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Providing non-judgmental and non-criticizing support for family and friends of end-stage alcoholics through one-on-one coaching, support groups, blog posts, workshops and public speaking.

Tuesday, January 25, 2011

The inevitable...

I knew this day would come. I knew I couldn’t control every thing every moment of every day. And now it has happened and I must shift gears.

Over the weekend, we rented a car so that I could run errands and do shopping. Since our regular car is not in great shape, I often rent a car. It works out well because I don’t like to have readily available transportation. That eliminates arguments over whether or not Riley can drive to wherever to do whatever. No car – no issue.

However, when there has been a car available and I have asked Riley to do little local runs, he has not disappointed me. He has done what he said he would do and returned without stopping at the liquor store or a bar. He returns home in a sober state of mind.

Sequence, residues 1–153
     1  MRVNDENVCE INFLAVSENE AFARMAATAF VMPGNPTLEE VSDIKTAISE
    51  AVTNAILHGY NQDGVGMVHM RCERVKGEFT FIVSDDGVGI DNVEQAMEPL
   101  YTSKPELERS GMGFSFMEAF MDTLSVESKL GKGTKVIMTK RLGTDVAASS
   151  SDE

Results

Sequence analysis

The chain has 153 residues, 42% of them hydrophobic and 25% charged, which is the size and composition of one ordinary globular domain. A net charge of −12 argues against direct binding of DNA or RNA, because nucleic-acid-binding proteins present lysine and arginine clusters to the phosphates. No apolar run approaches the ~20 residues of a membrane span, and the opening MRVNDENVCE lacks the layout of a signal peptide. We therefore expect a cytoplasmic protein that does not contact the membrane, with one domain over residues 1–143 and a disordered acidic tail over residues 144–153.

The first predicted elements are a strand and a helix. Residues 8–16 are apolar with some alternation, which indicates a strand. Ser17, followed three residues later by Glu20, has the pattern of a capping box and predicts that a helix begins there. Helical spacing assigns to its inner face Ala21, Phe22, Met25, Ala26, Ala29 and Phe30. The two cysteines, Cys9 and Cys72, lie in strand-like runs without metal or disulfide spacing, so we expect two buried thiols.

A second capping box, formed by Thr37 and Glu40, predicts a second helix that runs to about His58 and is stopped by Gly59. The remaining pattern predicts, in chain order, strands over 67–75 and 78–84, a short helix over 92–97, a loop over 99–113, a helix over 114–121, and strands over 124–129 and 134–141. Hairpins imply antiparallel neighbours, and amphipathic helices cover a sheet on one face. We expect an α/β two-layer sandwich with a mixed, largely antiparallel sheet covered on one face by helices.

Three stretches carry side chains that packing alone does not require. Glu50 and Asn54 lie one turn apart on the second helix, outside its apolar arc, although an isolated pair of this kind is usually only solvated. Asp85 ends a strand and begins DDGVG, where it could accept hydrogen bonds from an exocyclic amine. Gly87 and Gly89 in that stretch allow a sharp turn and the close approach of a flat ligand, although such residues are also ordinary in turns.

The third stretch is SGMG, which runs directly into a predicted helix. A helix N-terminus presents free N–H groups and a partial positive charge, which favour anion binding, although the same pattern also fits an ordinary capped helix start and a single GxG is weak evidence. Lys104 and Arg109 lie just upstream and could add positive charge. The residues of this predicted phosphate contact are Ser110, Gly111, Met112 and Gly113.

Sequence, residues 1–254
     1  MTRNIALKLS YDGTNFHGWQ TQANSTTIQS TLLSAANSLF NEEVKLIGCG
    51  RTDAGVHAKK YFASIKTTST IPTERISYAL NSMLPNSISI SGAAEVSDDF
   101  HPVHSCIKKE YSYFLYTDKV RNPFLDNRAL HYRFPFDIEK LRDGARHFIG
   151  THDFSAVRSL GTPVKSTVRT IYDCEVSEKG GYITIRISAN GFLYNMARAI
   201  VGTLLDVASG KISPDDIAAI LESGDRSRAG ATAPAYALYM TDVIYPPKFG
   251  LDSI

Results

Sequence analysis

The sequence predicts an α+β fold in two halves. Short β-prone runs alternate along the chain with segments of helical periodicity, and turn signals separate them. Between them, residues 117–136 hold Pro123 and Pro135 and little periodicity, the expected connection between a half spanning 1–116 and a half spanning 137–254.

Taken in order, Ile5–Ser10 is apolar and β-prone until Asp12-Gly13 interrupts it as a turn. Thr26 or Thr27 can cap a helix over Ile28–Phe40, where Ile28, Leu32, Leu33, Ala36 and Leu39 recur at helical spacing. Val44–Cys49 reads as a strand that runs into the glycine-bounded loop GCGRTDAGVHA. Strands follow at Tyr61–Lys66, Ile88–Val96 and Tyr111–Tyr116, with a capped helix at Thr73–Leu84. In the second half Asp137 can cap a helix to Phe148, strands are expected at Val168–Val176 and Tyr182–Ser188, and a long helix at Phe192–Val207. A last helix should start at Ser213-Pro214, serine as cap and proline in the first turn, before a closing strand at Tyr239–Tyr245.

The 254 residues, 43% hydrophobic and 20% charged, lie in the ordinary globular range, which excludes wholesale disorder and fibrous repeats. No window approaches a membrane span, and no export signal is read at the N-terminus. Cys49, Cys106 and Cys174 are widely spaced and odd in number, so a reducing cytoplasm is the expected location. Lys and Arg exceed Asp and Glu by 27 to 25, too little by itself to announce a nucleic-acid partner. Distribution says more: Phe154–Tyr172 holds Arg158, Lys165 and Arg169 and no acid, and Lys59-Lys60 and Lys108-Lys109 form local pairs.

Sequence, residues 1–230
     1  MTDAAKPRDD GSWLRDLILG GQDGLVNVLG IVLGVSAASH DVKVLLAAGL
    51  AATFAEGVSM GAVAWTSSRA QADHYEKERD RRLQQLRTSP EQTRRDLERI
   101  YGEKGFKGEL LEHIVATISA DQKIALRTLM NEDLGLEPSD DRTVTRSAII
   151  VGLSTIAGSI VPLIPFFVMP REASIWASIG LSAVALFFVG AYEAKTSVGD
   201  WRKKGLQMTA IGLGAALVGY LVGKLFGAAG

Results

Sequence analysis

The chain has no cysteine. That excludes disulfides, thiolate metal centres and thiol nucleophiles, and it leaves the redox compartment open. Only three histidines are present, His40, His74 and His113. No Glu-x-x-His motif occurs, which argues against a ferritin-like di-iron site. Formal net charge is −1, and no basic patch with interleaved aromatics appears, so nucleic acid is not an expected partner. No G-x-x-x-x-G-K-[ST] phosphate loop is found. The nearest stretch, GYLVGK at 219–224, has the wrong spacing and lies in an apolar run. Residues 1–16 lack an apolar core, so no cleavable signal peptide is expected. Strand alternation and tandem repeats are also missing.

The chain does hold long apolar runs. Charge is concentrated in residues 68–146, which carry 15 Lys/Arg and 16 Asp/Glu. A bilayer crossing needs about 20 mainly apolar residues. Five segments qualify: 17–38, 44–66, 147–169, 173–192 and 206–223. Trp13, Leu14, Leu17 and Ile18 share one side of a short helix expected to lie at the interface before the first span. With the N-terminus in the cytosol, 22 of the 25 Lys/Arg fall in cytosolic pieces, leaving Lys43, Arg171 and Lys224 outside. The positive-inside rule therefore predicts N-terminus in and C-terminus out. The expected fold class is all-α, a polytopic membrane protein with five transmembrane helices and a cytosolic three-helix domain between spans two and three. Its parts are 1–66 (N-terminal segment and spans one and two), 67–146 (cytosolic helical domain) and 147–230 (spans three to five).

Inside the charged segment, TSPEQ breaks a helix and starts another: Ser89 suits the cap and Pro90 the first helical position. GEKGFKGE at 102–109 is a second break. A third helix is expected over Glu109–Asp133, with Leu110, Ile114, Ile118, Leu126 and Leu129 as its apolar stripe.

Yesterday I was swamped with work files. Being a telecommuter, I have an obligation to maintain a higher-than-average production level in both quantity and quality. Yesterday I was on overload because a new job task has been assigned to me and I need to show that I can handle the fluctuating requirements. If I can’t keep up my end of the commitment, I’ll be forced to return to the office environment – which means moving 3,000 miles from Alea and Ryan. That’s not a good thing.

Also, I expected the delivery of a sizable quantity of office supplies as well as the delivery of my daughter’s birthday present. My signature is required for the supplies.

All of that meant that getting the rental car back to Enterprise was going to be a problem. Adding another day would be costly. So I made a decision. I decided to delegate the car rental return to Riley. He had been doing so well… surely he could handle this. I was basking in the warmth of the last few months of his sobriety. But history does, in fact, repeat itself.